Phishing Attacks: Still Going And Targeting Us!

This is hardly a new thing – it is about a particular kind of spam trying to persuade you to give up login credentials. This has been labelled as “Phishing“, which some of you may be bored of reading about again. Unfortunately it is still the case that people fall victim to phishing attacks despite the warnings that have been sent out over time. If you search the Sophos Naked Security blog for “phishing” you will get an enormous number of results – at least 15 pages (I lost patience at that point).

Phishing basically works by sending large numbers of emails (thus it is spam) with a message intended to alarm people into either replying with details they should not reveal, or into clicking a link to a web-based form to gather the same kind of details. Usually banking details, or login credentials.

In short, don’t reveal your details via email or to a web form sent to you via an email. Password are your personal information and should never be revealed to others :-

  • Banks do not ask you for your password or other details via email.
  • The University will never ask you for your password.
  • Law-abiding organisations will never ask for it either.
The exception to this is that sometimes organisations may try to trick you into revealing your password to find out whether you follow the security policies. It is a standard part of penetration testing to try this (and they often succeed). The University does not currently carry out this sort of social-engineering penetration testing.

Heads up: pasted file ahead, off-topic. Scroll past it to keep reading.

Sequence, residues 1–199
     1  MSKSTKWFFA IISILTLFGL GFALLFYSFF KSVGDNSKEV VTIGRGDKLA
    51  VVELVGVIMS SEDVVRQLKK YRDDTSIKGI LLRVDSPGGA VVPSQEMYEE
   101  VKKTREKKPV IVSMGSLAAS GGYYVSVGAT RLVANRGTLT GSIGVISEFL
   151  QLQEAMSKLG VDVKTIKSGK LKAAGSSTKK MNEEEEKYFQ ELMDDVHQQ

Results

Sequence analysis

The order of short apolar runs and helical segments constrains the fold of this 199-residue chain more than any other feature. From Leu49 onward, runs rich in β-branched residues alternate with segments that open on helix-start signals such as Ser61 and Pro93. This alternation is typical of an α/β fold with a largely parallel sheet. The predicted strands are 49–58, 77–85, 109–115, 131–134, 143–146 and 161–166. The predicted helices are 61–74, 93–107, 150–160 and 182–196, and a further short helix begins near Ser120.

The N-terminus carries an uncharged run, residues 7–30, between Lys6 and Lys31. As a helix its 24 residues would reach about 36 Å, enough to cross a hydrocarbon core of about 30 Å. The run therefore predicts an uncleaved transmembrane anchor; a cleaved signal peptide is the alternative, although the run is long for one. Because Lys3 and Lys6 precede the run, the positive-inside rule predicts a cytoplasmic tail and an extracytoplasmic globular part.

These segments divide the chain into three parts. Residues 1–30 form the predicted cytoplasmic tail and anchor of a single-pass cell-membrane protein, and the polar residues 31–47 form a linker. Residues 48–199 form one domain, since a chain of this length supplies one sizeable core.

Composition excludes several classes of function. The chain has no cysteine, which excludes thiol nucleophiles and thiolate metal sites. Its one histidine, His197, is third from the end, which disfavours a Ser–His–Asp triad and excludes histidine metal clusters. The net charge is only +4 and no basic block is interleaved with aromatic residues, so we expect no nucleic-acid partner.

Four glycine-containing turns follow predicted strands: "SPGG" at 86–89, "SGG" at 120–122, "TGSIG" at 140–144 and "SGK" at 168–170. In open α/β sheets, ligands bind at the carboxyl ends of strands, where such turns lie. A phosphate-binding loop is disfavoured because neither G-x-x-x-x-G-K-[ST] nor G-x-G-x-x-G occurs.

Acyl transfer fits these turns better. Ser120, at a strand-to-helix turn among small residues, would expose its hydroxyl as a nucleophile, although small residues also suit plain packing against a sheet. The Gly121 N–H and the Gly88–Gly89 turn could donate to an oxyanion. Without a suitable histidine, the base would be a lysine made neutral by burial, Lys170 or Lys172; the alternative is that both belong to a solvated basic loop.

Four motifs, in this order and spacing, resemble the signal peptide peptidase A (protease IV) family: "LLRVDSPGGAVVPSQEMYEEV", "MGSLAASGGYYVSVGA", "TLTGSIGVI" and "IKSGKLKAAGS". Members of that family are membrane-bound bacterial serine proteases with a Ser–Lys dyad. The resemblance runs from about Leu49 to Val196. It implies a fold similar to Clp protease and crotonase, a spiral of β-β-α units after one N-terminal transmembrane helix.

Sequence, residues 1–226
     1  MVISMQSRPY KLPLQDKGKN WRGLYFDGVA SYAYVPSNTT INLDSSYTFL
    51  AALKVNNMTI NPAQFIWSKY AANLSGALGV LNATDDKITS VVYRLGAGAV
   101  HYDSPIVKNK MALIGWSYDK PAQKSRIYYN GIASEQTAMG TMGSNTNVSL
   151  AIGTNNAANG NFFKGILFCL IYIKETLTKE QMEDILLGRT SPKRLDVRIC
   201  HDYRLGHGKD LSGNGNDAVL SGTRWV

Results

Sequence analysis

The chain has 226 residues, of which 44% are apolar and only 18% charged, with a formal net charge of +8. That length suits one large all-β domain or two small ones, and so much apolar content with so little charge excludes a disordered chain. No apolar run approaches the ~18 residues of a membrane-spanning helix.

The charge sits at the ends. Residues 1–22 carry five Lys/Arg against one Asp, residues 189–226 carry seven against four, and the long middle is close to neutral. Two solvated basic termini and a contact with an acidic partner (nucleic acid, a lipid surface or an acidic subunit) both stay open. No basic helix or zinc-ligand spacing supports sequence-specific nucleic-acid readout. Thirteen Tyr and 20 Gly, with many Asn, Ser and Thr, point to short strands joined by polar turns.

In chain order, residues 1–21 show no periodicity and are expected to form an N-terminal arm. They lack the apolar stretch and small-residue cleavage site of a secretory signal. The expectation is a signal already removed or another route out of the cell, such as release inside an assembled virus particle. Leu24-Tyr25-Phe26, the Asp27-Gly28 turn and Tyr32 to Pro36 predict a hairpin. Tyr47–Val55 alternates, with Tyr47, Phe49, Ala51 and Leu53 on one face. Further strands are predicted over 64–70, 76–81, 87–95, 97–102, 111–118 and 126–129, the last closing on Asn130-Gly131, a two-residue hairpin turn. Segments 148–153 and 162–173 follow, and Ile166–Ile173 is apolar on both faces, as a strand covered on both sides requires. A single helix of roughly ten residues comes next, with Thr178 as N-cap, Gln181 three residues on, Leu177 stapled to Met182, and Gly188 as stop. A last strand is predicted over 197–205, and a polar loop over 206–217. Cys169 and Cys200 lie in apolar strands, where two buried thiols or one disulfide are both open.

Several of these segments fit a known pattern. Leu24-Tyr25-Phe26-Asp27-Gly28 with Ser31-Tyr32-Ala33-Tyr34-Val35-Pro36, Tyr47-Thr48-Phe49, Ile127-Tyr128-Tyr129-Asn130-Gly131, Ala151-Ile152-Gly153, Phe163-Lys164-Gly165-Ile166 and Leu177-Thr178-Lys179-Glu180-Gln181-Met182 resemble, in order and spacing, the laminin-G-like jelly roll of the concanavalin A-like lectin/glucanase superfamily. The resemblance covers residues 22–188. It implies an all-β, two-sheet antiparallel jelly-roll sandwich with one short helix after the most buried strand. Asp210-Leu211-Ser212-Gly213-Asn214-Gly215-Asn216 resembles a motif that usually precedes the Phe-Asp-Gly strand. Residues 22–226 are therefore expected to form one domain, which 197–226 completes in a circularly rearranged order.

There is usually an attempt to craft the email to look as though it is some kind of official communication, varying from the extremely sophisticated with very little signs that it is not an official email to really rather poor attempts. Common mistakes that are found in the less sophisticated phishing attacks include :-

  1. Sending from an email address with an official sounding name (“The IT Support Department”) which is not used within the organisation – here at the University our “IT Support Department” is called “Information Services”.
  2. Sending from a non-organisation email address.
  3. Addressing the email in excessively formal … almost archaic  phrases. And indeed any use of non-colloquial English.
  4. Lastly, referring to services using generic terms rather than specific local terms – “Webmail” rather than “GroupWise”.
An example of a phishing email follows :-
From: Helpdesk<info@ttu.edu>
To: Recipients <info@ttu.edu>
Subject: Storage Limit Exceeded
Date: Tue, 17 Apr 2012 23:47:09 -0400
Reply-To: info@mail.com
Sender: fanzhiy@Cardiff.ac.uk
Dear members,
You have exceeded the storage limit on your mailbox. You 
will not be able to send or receive new mail until you upgrade
your email quota. Kindly update your account by clicking here, 
https://docs.google.com/spreadsheet/viewform?formkey=dEwLUxMejBNalg0dkNMY0FxcDVlRGc6M
Regards,
Technical Team.

But performing detail text analysis on every email you receive just to see if it is a phishing attack is both a little tedious and completely unnecessary. There is a very simple technique to use :-

  1. Ignore the instructions in the email.
  2. If you have the slightest doubt over whether the instructions are for real, contact the relevant organisation over the phone (or at the very least with a newly composed email). In the case of the University, contact the IS Service Desk on x7777.
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